Sexuality and Christian Tradition

Journal of Religious Ethics 43 (1):122-145 (2015)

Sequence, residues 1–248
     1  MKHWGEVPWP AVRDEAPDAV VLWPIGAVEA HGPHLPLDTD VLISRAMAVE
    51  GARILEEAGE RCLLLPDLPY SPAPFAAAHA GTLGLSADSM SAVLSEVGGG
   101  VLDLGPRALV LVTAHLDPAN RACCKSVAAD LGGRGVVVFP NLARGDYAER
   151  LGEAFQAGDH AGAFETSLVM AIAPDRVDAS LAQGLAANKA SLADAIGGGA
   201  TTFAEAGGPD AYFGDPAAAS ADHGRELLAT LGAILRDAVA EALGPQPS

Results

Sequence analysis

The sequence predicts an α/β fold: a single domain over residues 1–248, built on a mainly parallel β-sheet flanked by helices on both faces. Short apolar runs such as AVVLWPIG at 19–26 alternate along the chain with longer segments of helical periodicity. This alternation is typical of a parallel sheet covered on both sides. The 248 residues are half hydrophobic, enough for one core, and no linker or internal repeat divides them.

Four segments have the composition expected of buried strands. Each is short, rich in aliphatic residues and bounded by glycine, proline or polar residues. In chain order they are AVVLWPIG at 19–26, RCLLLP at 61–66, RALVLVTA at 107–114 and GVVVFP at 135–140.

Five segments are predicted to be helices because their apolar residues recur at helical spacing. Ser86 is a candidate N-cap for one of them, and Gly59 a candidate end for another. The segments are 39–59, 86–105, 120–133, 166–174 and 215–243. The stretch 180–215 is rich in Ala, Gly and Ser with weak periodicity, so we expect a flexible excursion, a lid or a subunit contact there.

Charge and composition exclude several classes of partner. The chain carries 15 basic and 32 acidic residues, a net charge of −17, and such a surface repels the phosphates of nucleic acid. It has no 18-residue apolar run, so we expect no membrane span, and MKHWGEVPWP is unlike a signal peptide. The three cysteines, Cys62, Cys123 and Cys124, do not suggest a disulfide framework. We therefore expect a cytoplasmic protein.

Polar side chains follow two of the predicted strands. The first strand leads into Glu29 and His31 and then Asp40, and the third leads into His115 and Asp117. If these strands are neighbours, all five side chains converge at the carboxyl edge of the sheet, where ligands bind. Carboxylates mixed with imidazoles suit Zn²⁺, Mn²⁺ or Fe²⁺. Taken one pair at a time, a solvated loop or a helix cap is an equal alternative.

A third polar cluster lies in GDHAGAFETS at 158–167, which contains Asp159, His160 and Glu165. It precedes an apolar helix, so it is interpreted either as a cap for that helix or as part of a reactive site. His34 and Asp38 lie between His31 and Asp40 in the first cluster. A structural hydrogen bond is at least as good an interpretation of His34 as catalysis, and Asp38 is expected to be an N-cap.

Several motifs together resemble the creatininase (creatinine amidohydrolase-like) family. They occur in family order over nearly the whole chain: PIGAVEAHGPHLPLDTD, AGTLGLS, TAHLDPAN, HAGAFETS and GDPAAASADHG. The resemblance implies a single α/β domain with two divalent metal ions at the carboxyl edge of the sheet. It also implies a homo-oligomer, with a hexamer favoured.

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This essay aims to clarify the debate over same-sex unions by comparing it to the fourth-century conflict concerning the nature of Jesus Christ. Although some suppose that the council of Nicaea reiterated what Christians had always believed, the Nicene theology championed by Athanasius was a dramatic innovation that only won out through protracted struggle. Similarly, despite the widespread assumption that Christian tradition univocally condemns homosexuality, the concept of sexuality is a nineteenth-century invention with no exact analogue in the ancient world. Neither heterosexuality nor homosexuality is addressed directly in Christian tradition; for this reason, the significance of older authorities for the modern debate is necessarily indirect. The dichotomy between progressive and conservative positions is therefore misguided: it is necessary neither to abandon tradition for the sake of progress nor to oppose innovation for the sake of fidelity
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